By Erin McAuliff
Your voice is important to DC’s long-term transportation plans. It’s critical that the city’s long-term transportation plans address the pervasive problem of public sexual harassment.
Agree? Continue reading.
Sexual harassment can happen anywhere, including while riding the bus, walking along the sidewalk or biking along your favorite trail. To improve the safety of women, LGBTQ, and gender non-conforming residents and visitors throughout the District of Columbia, the city should create a strategy to address issues of harassment when traveling because safety is about more than just preventing crashes.
The District Department of Transportation (DDOT) is currently developing a 30-year transportation plan for DC. With a stated goal of “bold and implementation-focused vision for our city’s transportation future,” DDOT has been focusing on making streets, sidewalks and trails safer and more efficient. However, the planning process has yet to focus on issues of public sexual harassment and assault.
How can you help? Add your voice to the conversation by taking a few minutes to complete moveDC’s MetroQuest Survey. (Quick instructions below!)
DDOT has been actively gathering input from residents since January through public meetings and its moveDC website, with a draft plan expected before 2014. And there’s still time for residents to complete moveDC’s MetroQuest Survey, which ends October 30th. Public sexual harassment affects us all, whether directly or through a friend, family member or neighbor.
DDOT’s 30-year transportation plan for DC should address the problem of public sexual harassment. It’s critical that we each make our very real concerns about harassment and gender-based violence an important part of DC’s transportation plans. It’s not too late to fill out moveDC’s MetroQuest Survey and speak up about the need to prevent public sexual harassment in our community.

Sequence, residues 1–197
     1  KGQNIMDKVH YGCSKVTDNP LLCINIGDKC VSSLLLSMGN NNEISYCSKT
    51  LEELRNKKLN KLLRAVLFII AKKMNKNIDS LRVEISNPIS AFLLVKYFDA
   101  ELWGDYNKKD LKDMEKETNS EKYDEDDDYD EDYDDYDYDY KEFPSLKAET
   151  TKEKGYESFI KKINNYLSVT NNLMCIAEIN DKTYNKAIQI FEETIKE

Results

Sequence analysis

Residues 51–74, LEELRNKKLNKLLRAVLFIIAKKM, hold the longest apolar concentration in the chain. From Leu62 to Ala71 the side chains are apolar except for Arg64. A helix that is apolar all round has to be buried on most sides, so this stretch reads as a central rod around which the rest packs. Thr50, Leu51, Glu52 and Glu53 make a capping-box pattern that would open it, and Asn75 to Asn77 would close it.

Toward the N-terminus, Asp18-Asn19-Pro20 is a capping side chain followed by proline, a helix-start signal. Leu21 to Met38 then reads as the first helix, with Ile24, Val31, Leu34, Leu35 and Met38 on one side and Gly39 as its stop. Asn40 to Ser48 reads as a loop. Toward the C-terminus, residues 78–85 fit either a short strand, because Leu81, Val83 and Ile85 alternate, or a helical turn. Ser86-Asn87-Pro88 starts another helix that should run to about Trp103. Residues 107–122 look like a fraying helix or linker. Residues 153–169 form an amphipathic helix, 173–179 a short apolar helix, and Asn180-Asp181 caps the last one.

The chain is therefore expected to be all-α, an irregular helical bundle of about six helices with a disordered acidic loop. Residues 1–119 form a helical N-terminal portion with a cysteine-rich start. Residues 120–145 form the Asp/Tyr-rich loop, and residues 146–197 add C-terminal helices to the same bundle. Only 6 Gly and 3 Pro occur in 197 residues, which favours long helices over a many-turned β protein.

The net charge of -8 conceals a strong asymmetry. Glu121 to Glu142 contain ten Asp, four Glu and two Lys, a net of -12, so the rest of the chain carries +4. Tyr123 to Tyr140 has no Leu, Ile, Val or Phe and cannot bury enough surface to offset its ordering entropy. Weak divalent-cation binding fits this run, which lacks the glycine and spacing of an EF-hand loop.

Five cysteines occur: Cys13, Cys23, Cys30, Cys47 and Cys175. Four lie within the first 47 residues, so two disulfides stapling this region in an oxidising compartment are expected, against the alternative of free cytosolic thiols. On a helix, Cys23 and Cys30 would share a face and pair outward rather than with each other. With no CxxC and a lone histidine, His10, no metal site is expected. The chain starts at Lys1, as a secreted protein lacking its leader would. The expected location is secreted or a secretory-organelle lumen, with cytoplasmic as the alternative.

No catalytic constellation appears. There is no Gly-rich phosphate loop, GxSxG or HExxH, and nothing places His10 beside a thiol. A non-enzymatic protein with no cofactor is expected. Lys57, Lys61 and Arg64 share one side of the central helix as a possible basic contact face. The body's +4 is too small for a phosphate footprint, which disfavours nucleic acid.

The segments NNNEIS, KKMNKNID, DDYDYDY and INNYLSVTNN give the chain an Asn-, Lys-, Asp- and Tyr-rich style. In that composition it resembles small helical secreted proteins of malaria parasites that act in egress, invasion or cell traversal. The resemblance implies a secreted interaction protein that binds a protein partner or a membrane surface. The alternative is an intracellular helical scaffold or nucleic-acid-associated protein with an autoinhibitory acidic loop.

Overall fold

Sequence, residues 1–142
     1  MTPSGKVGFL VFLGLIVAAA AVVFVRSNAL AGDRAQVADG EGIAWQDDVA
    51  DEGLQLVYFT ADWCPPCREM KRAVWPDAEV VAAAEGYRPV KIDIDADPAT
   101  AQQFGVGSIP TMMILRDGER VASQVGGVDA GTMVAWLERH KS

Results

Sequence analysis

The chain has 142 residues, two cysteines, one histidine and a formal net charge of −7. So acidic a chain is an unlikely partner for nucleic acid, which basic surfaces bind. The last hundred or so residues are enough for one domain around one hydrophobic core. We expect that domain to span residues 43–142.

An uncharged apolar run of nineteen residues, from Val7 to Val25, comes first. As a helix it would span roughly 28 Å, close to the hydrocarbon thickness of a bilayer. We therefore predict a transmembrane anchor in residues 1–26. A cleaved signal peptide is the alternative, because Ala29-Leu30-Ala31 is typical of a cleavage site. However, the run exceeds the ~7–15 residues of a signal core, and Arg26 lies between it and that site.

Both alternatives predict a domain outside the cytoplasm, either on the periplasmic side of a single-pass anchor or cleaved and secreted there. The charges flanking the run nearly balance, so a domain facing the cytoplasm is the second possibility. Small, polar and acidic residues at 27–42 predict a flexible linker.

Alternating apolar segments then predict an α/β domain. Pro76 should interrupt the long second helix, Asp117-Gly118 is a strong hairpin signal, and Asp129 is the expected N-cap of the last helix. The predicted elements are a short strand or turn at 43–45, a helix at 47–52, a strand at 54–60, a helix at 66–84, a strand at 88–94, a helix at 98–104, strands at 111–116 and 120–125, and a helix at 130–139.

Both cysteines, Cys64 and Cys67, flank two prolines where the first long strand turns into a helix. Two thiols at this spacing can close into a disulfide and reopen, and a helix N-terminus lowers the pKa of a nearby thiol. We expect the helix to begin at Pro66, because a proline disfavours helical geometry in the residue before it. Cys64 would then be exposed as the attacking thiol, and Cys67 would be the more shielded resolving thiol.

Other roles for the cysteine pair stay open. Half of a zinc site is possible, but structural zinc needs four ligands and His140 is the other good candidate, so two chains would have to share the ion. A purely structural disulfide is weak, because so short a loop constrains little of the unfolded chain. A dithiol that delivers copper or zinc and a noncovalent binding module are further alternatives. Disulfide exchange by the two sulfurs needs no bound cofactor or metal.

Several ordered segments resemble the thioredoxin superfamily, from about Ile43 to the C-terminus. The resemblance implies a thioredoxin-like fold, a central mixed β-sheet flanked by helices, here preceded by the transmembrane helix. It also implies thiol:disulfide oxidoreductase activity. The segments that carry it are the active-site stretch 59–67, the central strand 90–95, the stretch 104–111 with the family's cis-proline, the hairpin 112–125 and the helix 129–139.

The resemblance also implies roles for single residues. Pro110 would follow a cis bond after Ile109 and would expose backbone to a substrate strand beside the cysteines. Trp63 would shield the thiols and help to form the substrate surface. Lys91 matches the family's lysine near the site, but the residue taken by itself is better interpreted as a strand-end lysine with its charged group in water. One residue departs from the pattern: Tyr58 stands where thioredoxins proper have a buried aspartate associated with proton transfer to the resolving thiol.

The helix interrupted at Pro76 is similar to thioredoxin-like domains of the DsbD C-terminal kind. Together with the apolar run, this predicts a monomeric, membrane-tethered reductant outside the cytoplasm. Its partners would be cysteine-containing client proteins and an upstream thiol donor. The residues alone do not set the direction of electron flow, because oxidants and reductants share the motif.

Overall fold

As DC Metro residents committed to ending public sexual harassment, CASS supporters have their eyes, ears and hearts open to the city in a way other mights not understand or initially consider. Survivors of sexual harassment and assault experience transportation-related issues on a daily basis that have not yet been expressed in moveDC’s plans.
Sharing your experiences and providing feedback will only serve to strengthen a District initiative that is going to lay the groundwork for the next 30 years and about 200,000 more residents. Consider, for example, that extra-long stoplight that leaves you vulnerable at an intersection where you almost always have an issue, that bus driver who will (or won’t) stop a block early for you so you feel safer about getting home at night, or those trips on the Metro when you are starting to feel uncomfortable but don’t get off, knowing that you’ll feel just as unsafe walking, biking, or in a cab. While DDOT promotes use of transit, walking and bicycling, transportation planners should work to create a safe transportation system that allows women, LGBTQ and gender non-conforming persons the ability to choose their preferred mode of travel without fear of sexual harassment.
Now We’ll Walk You Through moveDC’s Quick & Easy MetroQuest Survey!
The survey is simple and can be completed in three (3) easy steps, which we cover below. Please note that our template answers are only suggestions; please feel free to answer every question in a way that best represents your own perspective.
1. “What Is Important to You?” Select your three top values or priorities for transportation in the District!
The survey offers six values from which to choose the three most important to you, as well as the opportunity to create your own value(s). There is also a button on the bottom right to add a comment about the value. While all of these values are important to promoting safe spaces, we recommend that you list “Safety & Security” as one of your top values and include a comment like this:
“When planning for safety and security, please also consider how safe pedestrian and transit riders feel while walking, biking, or taking public transportation. Safe spaces that discourage gender-based violence are the result of the built environment and planning as much as they are the individual responsibility of our peers and neighbors.”
2. Now you’re at Step 2! Click on each of the three “approaches” (Stay the Course, Get to the Center and Connect the Neighborhoods) listed at the top of the survey page in order to see the performance of your values or priorities for each approach.